A u c k l a n d A o t e a r o a N e w Z e a l a n d
a n g l i c a n c h u r c h
The Breeze and Breath of Spirit
May 15, 2005
Ordinary Sunday 7 Rom 6:1b-11 Matt 10:24-39
Marian Fountain has brought a mackerel into church. Along the spine of this fish humanity is emerging. In ancient times the fish spoke of mystery and meaning in the depths. It was also a fertility symbol. The early Christians appropriated this ocean image and incorporated it into our symbiotic culture.
I've known Marian [Maz] since University days, and Christianity is a major influence in her art. The mackerel plays with the border between outside and inside. Is spirit something within, or is it without? What's spirituality's relationship with creatures and their environment?
Of course this is my interpretation. Art lends itself to many interpretations. There is no one correct meaning. There is only the invitation to enter into the feelings evoked by the art, and let your imagination swim free.
In times past the Church has dogmatically tried to capture and restrict understandings of God by using words. Words can release the imagination, but they can also imprison it. Art however is usually different. It takes license to push and prod us with images when words seem inadequate or heretical.
The Trinity is maybe the clearest example. It is a difficult concept for the wordsmiths. Artists though have played with it. I'm reminded of a keystone in the Benedictine Abbey of Luxeuil that has three fish, like spokes on a wheel, with their heads overlapping in the centre. Trinity is a doctrine that is better left to artists than theologians.
God as a fish flicks my mind back to Maz's mackerel and the human community emerging from its spine. It makes me also look again at Bing Dawe's victimized eels. Are they likewise an image of the divine vulnerability? When we irresponsibly pollute and destroy, we kill godness.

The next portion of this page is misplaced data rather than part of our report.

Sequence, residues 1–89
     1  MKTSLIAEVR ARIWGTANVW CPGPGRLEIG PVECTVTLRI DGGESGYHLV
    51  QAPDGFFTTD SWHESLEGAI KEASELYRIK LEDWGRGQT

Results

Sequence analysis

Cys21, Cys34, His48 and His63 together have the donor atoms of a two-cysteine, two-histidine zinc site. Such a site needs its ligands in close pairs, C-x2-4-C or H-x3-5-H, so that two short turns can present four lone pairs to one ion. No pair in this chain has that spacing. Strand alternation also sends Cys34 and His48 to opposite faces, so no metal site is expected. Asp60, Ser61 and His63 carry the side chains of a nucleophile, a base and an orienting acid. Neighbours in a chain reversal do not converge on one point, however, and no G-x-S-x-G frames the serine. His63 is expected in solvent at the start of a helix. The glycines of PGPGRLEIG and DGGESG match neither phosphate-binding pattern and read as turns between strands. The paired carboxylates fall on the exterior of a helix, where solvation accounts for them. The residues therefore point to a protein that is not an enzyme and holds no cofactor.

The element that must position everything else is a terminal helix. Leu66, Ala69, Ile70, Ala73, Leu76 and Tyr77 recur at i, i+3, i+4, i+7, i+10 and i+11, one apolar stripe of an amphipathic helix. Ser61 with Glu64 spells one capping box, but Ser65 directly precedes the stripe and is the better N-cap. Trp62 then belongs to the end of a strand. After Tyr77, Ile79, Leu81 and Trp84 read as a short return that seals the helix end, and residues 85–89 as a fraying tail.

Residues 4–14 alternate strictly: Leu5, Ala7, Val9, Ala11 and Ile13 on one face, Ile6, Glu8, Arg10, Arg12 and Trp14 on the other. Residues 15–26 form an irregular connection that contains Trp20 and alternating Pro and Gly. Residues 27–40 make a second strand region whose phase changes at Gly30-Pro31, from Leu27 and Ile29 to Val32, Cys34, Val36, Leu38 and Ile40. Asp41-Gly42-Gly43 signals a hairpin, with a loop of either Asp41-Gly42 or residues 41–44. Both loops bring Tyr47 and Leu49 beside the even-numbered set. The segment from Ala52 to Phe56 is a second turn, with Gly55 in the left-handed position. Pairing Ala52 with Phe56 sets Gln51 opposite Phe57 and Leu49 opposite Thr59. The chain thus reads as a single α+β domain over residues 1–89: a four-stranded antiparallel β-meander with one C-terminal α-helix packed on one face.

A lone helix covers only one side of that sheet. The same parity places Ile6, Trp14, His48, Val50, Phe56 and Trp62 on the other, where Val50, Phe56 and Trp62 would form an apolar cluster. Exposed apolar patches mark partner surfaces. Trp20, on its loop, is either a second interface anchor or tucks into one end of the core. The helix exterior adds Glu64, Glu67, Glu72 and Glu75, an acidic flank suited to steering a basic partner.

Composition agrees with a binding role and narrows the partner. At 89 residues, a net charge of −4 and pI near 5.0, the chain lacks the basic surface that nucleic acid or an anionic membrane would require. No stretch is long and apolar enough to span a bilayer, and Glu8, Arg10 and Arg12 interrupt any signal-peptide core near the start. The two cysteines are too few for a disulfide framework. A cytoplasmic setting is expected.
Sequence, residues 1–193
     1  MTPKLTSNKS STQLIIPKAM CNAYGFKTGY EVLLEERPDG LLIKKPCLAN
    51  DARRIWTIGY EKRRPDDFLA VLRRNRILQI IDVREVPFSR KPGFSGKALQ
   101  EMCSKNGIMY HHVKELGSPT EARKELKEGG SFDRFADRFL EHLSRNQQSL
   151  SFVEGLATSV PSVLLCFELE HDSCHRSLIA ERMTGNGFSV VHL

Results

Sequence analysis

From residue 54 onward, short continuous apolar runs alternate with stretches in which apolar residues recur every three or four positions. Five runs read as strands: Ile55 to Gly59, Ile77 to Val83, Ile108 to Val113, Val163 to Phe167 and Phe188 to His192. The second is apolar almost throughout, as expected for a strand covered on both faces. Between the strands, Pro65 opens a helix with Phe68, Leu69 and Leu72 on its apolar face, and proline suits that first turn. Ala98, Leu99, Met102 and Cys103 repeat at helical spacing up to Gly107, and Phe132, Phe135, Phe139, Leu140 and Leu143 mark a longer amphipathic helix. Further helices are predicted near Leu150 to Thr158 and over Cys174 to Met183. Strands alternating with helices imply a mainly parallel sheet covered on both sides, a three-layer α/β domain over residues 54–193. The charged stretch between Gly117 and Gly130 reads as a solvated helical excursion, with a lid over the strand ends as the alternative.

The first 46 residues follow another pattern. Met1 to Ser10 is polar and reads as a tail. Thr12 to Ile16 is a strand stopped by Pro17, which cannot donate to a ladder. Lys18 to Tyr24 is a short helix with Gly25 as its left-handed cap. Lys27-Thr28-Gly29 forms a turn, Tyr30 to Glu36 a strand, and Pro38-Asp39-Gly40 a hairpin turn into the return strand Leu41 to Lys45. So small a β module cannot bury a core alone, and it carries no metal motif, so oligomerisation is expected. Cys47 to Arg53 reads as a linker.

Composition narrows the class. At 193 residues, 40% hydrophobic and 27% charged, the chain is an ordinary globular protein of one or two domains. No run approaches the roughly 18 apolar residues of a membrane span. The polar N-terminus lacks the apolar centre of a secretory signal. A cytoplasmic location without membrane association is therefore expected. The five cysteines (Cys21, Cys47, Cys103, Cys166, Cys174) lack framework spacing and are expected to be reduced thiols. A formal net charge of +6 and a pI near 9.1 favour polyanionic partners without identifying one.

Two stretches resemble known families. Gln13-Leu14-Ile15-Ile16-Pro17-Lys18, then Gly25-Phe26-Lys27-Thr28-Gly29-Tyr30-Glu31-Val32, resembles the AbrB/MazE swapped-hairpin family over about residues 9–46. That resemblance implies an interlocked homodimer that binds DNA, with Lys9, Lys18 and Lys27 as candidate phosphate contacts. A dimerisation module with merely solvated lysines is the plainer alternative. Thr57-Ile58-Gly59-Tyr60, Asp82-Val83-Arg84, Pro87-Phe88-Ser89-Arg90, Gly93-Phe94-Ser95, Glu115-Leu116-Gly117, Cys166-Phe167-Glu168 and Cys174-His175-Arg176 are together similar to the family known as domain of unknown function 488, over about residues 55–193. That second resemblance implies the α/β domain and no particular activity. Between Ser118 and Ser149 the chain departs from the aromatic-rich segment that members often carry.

Art plays with the border areas. Like the area between what is accepted and what is not. Like the area between what is and what might be. It is no surprise that art and social change have frequently cohabited. Art, like religion, can be used to sanctify the way things are - for good or for ill. But frequently it breaks those fetters inviting us to widen our vision, ignite our compassion, extend our generosity, and above all set our imagination free. Religion, at it's best, does likewise.
I enjoyed the playfulness in Paul Hartigan's Colour-ist. It critiques the neon bombardment we experience in the city, inviting us to envision something better. It also toys with the border between word and image. Maybe we are best to understand the biblical text "the Word became flesh" as imaginative play. It seems that when Jesus is reduced to 'word' alone, the lawyers are in the ascendancy. Yet when 'flesh' is not re-imaged in each time and culture, our religion becomes as dead as any document.